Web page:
x = df[['HALFMARATHON_MINUTES']]
    y_true = df[['MARATHON_MINUTES']]
    dataset = tf.data.Dataset.from_tensor_slices((x.values, y_true.values))
    dataset = dataset.batch(1)
    model = tf.keras.Sequential([tf.keras.layers.Dense(4, batch_size=1, input_shape=(1,)), tf.keras.layers.Dense(1)])
    model.compile(tf.keras.optimizers.Adam(), tf.keras.losses.MeanSquaredError())
    history = model.fit(dataset, epochs=8)
    # metrics_dict = {"kpi1": "1"}
    metrics_dict = json.dumps({'loss': str(history.history['loss'][len(history.history['loss']) - 1])})

    # send the metrics to the output port - Submit Metrics operator will use this to persist the metrics
    api.send("metrics", api.Message(metrics_dict))

    # create & send the model blob to the output port - Artifact Producer operator will use this to persist the model and create an artifact ID
    f = h5py.File('blob', driver='core', backing_store=False)
    model.save(f)
    f.flush()
    # model_blob = bytes("example", 'utf-8')
    model_blob = f.id.get_file_image()
    api.send("modelBlob", model_blob)
    
api.set_port_callback("input", on_input)

Since I use the TensorFlow Python libraries, I need to add a Group with a tag to identify my Docker image:

FROM $com.sap.sles.ml.python
RUN python3.6 -m pip --no-cache-dir install --user --upgrade pip
RUN python3.6 -m pip --no-cache-dir install --user tensorflow

I then execute my Python Producer with these parameters after changing the Connection in the Read File Operator:

To obtain my Metrics, Models and Datasets:

To consume these, in the SAP Data Intelligence ML Scenario Manager, I add a Python Consumer. Since I still want to stay as plain vanilla as possible, I only add a few lines to the template to apply my model and obtain my results:

# apply your model
blob = io.BytesIO(model)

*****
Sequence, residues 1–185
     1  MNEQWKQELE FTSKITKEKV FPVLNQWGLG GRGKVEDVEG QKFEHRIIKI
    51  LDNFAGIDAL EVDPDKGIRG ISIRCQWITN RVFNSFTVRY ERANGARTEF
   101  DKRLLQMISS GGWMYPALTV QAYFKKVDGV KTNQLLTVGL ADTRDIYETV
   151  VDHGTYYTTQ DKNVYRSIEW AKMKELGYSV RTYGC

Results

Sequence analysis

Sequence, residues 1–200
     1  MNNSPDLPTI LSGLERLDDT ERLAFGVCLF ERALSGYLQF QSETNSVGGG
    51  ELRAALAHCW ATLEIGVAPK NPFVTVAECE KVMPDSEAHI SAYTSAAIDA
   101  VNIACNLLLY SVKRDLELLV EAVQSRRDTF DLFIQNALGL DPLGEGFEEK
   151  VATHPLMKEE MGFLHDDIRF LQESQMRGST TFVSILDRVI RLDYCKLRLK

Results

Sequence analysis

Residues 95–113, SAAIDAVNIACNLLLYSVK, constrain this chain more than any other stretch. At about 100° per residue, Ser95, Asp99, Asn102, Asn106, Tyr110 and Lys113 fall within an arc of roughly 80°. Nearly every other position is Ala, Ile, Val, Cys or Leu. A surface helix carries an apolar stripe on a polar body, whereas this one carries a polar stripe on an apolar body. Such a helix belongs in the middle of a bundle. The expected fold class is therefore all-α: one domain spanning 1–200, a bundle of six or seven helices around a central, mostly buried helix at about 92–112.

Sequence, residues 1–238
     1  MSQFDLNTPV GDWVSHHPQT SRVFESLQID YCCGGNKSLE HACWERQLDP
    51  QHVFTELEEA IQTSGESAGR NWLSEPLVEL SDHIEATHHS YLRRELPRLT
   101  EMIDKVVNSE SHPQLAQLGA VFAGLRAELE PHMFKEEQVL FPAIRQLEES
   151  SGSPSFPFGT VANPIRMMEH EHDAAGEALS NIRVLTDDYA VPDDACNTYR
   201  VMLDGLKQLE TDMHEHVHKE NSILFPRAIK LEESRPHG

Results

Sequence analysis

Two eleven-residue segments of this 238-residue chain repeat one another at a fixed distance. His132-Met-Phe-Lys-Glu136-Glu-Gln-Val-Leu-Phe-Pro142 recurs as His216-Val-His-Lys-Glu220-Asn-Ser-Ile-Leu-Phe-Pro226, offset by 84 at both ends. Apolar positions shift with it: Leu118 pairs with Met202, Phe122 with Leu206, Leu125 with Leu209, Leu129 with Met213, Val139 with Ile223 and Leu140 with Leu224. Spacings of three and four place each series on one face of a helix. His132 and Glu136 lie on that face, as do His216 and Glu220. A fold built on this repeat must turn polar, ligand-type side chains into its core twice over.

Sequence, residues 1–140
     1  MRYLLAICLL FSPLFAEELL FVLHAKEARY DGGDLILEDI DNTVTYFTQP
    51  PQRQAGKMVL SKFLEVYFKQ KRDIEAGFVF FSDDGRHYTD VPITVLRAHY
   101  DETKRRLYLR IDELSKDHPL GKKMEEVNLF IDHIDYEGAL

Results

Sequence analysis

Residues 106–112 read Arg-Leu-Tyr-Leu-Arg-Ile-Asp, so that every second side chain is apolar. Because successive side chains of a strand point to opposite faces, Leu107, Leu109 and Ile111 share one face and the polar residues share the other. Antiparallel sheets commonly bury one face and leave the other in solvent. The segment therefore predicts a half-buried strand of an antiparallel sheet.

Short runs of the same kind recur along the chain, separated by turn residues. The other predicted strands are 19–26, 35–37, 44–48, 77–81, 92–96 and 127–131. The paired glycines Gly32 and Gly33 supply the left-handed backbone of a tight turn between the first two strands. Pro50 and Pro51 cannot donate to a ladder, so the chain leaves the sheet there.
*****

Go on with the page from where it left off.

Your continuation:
f = h5py.File(blob, 'r')
architectSAP = tf.keras.models.load_model(f)
blob.close() 
# obtain your results
prediction = architectSAP.predict([[json.loads(user_data)['half_marathon_minutes']]])
success = True

As well as pass the successful response to the user:

# apply carried out successfully, send a response to the user
# msg.body = json.dumps({'Results': 'Model applied to input data successfully.'})
msg.body = json.dumps({'marathon_minutes_prediction': str(prediction[0])})

I then deploy my Python Consumer after adding a Group for my Docker image again and passing in my model:

Once my Deployment is successful:

I retrieve my prediction e.g. with Postman:

I tried to keep this blog as plain vanilla as possible, to help you understand the underlying basic concepts. However, there is of course nothing wrong with a bit more sophistication like e.g. building a custom TensorFlow Operator to make your Graphs more efficient and easier to read:

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      4 Comments
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      Author's profile photo Andreas Forster
      Andreas Forster

      Hi Frank Schuler , Thank you for this introduction to TensorFlow in DI! Keeping steps to the bare bones helps me get into new topics, I will try it out soon 🙂

      Author's profile photo Sergio Peña
      Sergio Peña

      Hi Frank. It is a great blog. TensorFlow and Keras are being used a lot today.

      I have some question:

      What is the DI version? 3.0.2?

      This tutorial, can it be done with the free version of DI?

      Thanks and congratulations

      Author's profile photo Frank Schuler
      Frank Schuler
      Blog Post Author

      Thank you, Sergio,

      My blog is based on SAP DI 3.0.3, but 3.0.2 should work as well as the SAP Data Intelligence, trial edition 3.0.

      Best regards

      Author's profile photo Snehit S Shanbhag
      Snehit S Shanbhag

      Hello Frank,

       

      Firstly thanks a for such detailed blog also thanks for adding a new flavor with TensorFlow.

      We see the URL for the deployed ML scenario is consumed in postman in this blog, i was curious

      1. How can i use the URL in other SAP tools, such that user can pass the data and see the output, which tool can we use ?
      2. Can we use this URL in SAC story?
      3. Can we use this URL in custom widget in SAC AD (for end user to communicate with ML scenario)?
      4. Can we build a UI5 app to consume this URL and avail end user to communicate with ML scenario?

       

      will be interested to know your perspective and also any other approach to consume this URL (apart from postman)

      Thank in advance.

       

      Best Regards,

      Snehit Shanbhag